The Chinese New Year commences around January 21st and extends around February 20th of each year, depending on the lunar calendar. It is also known as the Spring Festival, and it is one of China’s most important celebrations, with each year being named after one of the 12 animals of the Chinese zodiac. The festivities will include lights, procession, and performances. The celebration concludes with a lantern festival.
This is the time when Chinese households clean their homes to get rid of bad luck and welcome good luck. And in honor of the coming spring, they decorate their doors with crimson paper cuttings with motifs of “happiness” and “wealth”.
The spring festival in China is usually the world’s largest migration. CCTV’s Gala is the most watched National Network TV broadcast in the world, with over 1.1 billion people watching.
Chinese New Year has a long and glorious history. In other cultures, around this time of the year, most resolutions are either forgotten or postponed to the next year. However, there is still hope as the Lunar New Year provides a second chance to rectify the situation.
People start buying presents, décor materials, food, and apparel a month before the holiday (like a Western Christmas). Days before the New Year, a massive clean-up begins, with Chinese homes being thoroughly cleaned from top to bottom to remove any traces of bad luck, and doors and windowpanes receiving a fresh coat of crimson paint.
There are many activities on Chinese New Year’s Day, including family visits and New Year festivities. Dragon dances, firecrackers, and ancestor worship are among the entertaining activities.
In China and other nations such as Brunei, Indonesia, Malaysia, North Korea, Singapore, South Korea, and Vietnam, the Chinese New Year is observed as a national holiday. From Chinese New Year’s Eve through the sixth day after Chinese New Year’s Day, it usually lasts seven days.
Chinese New Year’s Day
Hong Bao, which translates to “Red Packet,” is an old ritual. Takes place on the day of the event. Children and unmarried individuals get money in red envelopes from married couples.
Giving money to one’s parents is also customary among couples.
The family then begins to greet each other from door to door, first their relatives and then their neighbors. Grudges are readily thrown aside at Chinese New Year, much like the Western proverb “let bygones be bygones.”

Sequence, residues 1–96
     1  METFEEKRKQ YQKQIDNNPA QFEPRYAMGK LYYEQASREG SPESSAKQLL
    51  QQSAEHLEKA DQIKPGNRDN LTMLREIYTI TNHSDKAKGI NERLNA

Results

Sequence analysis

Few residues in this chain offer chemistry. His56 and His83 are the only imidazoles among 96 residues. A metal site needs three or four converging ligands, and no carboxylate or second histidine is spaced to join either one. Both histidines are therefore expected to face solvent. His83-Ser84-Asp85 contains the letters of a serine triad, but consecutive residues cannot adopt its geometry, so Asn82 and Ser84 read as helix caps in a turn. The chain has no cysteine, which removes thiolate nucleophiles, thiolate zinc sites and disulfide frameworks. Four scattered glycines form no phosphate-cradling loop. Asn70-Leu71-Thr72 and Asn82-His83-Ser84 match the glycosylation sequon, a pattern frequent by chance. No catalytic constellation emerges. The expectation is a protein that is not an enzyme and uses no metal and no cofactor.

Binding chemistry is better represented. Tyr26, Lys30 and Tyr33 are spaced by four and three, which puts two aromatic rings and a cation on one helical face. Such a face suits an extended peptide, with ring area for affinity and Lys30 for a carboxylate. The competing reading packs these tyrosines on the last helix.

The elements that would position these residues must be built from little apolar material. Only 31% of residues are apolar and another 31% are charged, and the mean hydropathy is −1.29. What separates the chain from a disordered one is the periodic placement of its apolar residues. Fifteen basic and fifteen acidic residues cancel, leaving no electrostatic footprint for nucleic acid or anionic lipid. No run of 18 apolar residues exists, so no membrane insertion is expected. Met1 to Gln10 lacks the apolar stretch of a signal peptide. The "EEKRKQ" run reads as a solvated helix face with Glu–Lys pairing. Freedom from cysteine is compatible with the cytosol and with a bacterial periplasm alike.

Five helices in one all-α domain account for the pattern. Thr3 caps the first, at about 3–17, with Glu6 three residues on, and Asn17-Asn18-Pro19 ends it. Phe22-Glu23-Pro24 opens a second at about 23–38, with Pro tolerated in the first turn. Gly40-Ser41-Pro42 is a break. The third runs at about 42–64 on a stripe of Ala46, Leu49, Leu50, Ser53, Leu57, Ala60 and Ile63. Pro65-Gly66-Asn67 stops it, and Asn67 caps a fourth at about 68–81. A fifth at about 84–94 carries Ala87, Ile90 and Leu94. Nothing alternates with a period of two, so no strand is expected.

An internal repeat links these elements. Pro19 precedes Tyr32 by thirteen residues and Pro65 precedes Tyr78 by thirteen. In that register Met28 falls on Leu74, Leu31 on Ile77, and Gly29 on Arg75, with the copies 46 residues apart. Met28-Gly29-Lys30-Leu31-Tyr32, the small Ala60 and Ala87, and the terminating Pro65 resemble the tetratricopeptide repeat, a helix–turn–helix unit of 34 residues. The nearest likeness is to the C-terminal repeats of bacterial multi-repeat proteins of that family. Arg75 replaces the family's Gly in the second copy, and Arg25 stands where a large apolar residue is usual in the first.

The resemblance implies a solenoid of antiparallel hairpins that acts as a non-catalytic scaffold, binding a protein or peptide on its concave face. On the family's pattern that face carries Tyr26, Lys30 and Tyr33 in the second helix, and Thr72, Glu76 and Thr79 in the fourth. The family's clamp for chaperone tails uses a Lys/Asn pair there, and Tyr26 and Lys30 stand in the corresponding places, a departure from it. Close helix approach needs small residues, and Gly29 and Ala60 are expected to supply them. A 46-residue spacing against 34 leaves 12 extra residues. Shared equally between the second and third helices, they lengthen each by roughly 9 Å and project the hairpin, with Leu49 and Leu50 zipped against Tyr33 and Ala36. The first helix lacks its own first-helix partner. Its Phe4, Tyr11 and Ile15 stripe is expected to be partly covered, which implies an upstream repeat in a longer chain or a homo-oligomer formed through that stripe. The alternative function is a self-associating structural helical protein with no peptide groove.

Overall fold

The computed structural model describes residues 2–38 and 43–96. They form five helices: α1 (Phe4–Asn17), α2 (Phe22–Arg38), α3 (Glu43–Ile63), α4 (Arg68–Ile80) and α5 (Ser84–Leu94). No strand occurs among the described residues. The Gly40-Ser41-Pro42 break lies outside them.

Fish (the Chinese word for ‘fish’ sounds like the word for ‘surplus,’ so eating fish is said to bring a surplus of money and good luck); Chinese dumplings (their shape is said to be similar to that of silver ingots, which were used as money in ancient China); spring rolls; rice cakes and rice balls are all traditional foods eaten during the Spring festival.
On the next full moon, the Festival of Lanterns, which includes singing, dancing, and lantern shows, marks the conclusion of the New Year.
A Successful Harvest and a Profitable Business
The Chinese customarily commemorate the start of a new year of agricultural work by wishing for a healthy harvest. The Chinese farming season is meant to begin soon after this, but it all depends on where you live. The ground in some parts of China doesn’t thaw until March. Traditions, on the other hand, have shifted slightly. People are celebrating the beginning of a new business year and wishing for riches and success today.
The Year of The Water Rabbit
The Year of the Tiger comes to an end in 2023, and the Year of the Water Rabbit begins.
Each year is unique and corresponds to a Chinese zodiac animal sign.
The water rabbit is a delicate, fearful creature who despises all sorts of aggressiveness.
They’re generous, considerate, and honest people who are kind, loyal, and understanding.
Why Does the Date of Chinese New Year Alter Each Year?
The Chinese Lunar Calendar, which is based on the cycles of the moon and sun and is typically 21–51 days behind the Gregorian (the calendar used globally), determines the date.
Chinese New Year is celebrated on a different day each year, although it always occurs between January 21 and February 20. Chinese New Year falls on a new moon day, which typically occurs two weeks after the winter solstice.